English Reformed Church, Amsterdam
This article needs additional citations for verification. (July 2014) (Learn how and when to remove this template message)
The English Reformed Church is one of the oldest buildings in Amsterdam, situated in the centre of the city. It is home to an English-speaking congregation which is affiliated to the Church of Scotland and to the Protestant Church in the Netherlands (formerly Dutch Reformed Church). It comes under the Church of Scotland's International Presbytery, and is also known as the Scots Kirk in Amsterdam. The current minister is Rev. Lance Stone.
The address of the church, Begijnhof 48, indicates its origins. The Begijnhof, an enclosed courtyard, was a 14th-century residence for the sisterhood of the Catholic Beguines, and the church was originally established as their chapel. It was confiscated from the Catholic lay sisterhood during the Reformation. For this reason, the church is invisible from the street and can only be discovered by entering the courtyard through an inconspicuous archway.
As with other city churches, the keys of the chapel were surrendered to the Municipality when Amsterdam sided officially with the Prince of Orange and formally adopted Calvinist doctrines in 1578. The church, controlled by the Beguines, was taken by the city council and closed. In 1607, the church was re-opened for worship when the Municipality presented it to the English-speaking Protestants living in the city. Since then, services in English have continued practically without interruption to the present day.
The Catholic Beguines, deprived of their former oratory and daily Mass, who continued to live in several houses of the Begijnhof, refused to re-enter the chapel as they considered it "desecrated by heresy".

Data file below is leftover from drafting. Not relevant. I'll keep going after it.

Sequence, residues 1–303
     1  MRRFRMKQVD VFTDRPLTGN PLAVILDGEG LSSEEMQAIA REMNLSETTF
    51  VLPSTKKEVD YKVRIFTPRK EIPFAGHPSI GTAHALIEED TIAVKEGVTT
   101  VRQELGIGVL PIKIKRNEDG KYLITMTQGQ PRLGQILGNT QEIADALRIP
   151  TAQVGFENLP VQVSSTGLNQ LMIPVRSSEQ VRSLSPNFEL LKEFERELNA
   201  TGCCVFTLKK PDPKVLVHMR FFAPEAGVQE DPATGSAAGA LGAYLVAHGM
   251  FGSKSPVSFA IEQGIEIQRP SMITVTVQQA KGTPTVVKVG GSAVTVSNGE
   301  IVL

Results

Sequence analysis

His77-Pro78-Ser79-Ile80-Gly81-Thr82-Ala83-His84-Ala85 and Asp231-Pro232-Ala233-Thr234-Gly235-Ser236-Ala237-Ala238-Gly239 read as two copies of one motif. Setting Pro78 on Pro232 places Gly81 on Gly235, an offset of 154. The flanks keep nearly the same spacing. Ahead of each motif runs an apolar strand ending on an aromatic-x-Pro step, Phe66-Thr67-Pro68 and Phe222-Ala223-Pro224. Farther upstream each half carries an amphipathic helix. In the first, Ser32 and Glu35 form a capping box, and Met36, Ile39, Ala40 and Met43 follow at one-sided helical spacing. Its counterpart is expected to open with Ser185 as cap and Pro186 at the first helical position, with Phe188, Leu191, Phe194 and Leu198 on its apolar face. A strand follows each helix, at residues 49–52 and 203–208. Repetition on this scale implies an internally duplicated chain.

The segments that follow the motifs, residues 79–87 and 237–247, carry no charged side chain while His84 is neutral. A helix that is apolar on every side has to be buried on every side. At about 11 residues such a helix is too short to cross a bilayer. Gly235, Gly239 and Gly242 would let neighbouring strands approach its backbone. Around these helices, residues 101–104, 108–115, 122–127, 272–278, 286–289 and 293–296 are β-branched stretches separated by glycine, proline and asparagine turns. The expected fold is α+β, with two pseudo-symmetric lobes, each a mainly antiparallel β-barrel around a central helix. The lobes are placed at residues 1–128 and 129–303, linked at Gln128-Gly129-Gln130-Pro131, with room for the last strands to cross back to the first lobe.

The dissenting English Protestants in Amsterdam in the early days of the English Church included a number, who, within a few years of their arrival in the city, left to form a separate congregation in Leiden and to sail via Delfshaven and Plymouth (in England) on the Mayflower to the New World in 1620. These Pilgrim Fathers are remembered in stained glass and memorials both within and outside the church.
In 1817—in the immediate aftermath of Napoleon's defeat and the restoration of rule by the House of Orange—ownership of the building was formally passed to the congregation, by then known as the English Reformed Church ("ERC"). It holds a regular Sunday morning service as well as other services and activities in the church. The ERC currently has 320 members from 30 nationalities. The church can seat 385 and attracts congregations of over 250 on a regular basis.
Since the late 1970s, the church has provided Amsterdam with an important platform for the performance of chamber music of all periods and styles with over 70 concerts a year. In particular, it has given many young artists the opportunity to launch their careers. The Academy of the Begijnhof, founded by a former church organist, is now one of Amsterdam's premier baroque orchestras.
To mark the occasion of the 400th anniversary of the English Reformed Church Queen Elizabeth and Prince Philip visited the church on 5 February 2007. She attended a normal church service, accompanied by Queen Beatrix of the Netherlands.
|Dutch Rijksmonument 384|
- Media related to English Reformed Church (Amsterdam) at Wikimedia Commons
- English Reformed Church, Amsterdam
- Short historical sketch of the English Reformed Church, Bagynhof, Amsterdam. 1907.